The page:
Charlatans for Christmas

A novel by Robin Cook is a great read with a medical theme. It brings up some serious questions about quality control and medical education.

Today is a holiday in the U.S. It is a day to give and receive, to enjoy family and friends, a day of selflessness and giving joy to others. In that spirit, I will recommend a book that brought me joy but was not my usual fare. It was a thriller with a medical theme, a page turner, a “junk food book”, an “airplane book,” escapist fiction, “trash reading,” call it by whatever pejorative epithet you want. I have read most of the classics and all of Shakespeare; I even read Don Quixote in the original Spanish. I thoroughly enjoyed them, but I have also enjoyed comic books. Sometimes you want a filet mignon, sometimes you just crave a Big Mac. I enjoy both. I refuse to feel guilty for indulging in guilty pleasures. This book had the added value of educating the reader about the inner workings of a teaching hospital, and it brought up some serious questions about the need for reforms in medical education.

The book is Charlatans, by medical doctor and best-selling author Robin Cook. Dr. Noah Rothauser is in his last year of training as chief surgical resident at a major teaching hospital. Dr. Ava London is a staff anesthesiologist with great credentials and an impeccable record. When a healthy patient dies on the operating table during a routine procedure, Noah is responsible for the Morbidity and Mortality (M&M) conference to determine whether any errors had occurred.  He suspects the egotistical, vindictive surgeon, Dr. William Mason, is to blame, but the surgeon blames Ava.  Much soul-searching, legal maneuvers, personality clashes, and hospital politics ensue. The plot thickens when more patients unexpectedly die under anesthesia. Noah discovers duplicate medical records, alterations to records, poor communication, omissions in medical histories, patients who lie, and other problems. It is a fascinating story replete with details about surgery and anesthesia. Near the end, there is an amazing surprise: a twist that no one could have foreseen.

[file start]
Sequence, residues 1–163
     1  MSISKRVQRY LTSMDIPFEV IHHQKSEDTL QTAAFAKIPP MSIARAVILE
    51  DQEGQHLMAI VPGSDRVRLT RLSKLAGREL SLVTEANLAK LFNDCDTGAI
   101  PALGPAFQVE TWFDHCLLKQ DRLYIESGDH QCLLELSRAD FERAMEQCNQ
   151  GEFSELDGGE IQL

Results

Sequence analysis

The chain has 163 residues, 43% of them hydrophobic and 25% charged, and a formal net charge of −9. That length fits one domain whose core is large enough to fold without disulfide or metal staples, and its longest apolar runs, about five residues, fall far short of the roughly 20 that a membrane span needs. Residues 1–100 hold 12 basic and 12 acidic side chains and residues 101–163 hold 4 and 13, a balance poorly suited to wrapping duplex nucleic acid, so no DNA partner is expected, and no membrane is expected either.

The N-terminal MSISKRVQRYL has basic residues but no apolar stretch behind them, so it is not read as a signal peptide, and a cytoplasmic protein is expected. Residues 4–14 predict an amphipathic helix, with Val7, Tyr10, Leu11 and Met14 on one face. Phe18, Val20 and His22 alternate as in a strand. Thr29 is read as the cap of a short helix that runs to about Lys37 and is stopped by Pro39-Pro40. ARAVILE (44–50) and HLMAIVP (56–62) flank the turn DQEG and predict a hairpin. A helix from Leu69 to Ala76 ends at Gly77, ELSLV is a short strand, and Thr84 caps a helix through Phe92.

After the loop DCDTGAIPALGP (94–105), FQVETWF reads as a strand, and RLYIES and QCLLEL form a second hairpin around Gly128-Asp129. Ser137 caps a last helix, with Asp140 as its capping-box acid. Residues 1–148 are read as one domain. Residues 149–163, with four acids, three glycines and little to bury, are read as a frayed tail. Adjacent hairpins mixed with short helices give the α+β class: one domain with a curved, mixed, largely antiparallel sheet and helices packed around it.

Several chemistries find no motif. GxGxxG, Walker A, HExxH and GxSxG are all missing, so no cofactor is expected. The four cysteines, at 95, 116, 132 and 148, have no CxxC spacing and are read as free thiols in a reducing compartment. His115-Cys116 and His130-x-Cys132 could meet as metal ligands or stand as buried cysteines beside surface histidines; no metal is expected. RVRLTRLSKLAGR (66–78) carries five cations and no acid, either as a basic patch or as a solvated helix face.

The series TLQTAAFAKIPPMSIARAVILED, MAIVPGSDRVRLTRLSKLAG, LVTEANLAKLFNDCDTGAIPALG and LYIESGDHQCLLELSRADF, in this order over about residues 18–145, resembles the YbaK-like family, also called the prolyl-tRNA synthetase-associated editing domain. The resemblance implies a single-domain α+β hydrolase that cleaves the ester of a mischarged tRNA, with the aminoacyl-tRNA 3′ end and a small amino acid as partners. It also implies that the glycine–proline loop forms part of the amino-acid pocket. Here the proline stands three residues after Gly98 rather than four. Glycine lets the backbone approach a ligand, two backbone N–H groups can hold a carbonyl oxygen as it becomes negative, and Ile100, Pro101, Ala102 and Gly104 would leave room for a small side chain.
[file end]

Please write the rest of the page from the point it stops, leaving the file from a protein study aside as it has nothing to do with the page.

I am going to divulge the surprise. If you want to get the full enjoyment out of reading the book, stop now and come back after you have read it.

Really. Stop reading this. The secret will be divulged. It will spoil the suspense of the story for you.

OK, you were warned. Proceed at your own risk.

The reveal

It turns out that despite her phenomenal test scores and many years of exemplary performance, Ava never actually did an anesthesia residency. In fact, she never went to medical school! She didn’t even go to college. And she isn’t even Ava London; she appropriated that name from a high school classmate who committed suicide. She started out working for a dentist who let her do anesthesia on his patients; she figured, that’s not so hard. Unwilling to jump through all the usual hoops, she found an easier way.

How is such a thing possible? Well, it’s improbable, but it’s not impossible. She was highly intelligent, had a phenomenal memory, and was a skilled computer hacker. She was in the right place at the right time. She knew how to fabricate the necessary records, test scores, lists of patients, letters of recommendation, and everything needed to create the perfect paper trail. She had access to state-of-the-art simulation labs at a new medical school, so she could practice procedures. It’s not unheard of for a layman to get away with impersonating a doctor, as in the reality-based film The Great Imposter. In the modern cyberworld, identity theft, photoshopping, and bogus information are widespread. In this “post-truth” era of “fake news” any document can be questioned, and anything is conceivably possible. It’s a chilling thought: are your surgeon and your anesthesiologist really who you think they are? How could you know for sure? I hope you don’t have surgery scheduled while you’re reading this book.

Re-thinking medical education

Do doctors really need to go through four years of college, four years of medical school, and several years of residency training? Nurse practitioners and physician assistants do a creditable job of patient care with much less training. Enlisted corpsmen in the military do an excellent job. A 23-year-old Pharmacist’s Mate First Class successfully performed an appendectomy on board a submarine in enemy waters in 1942.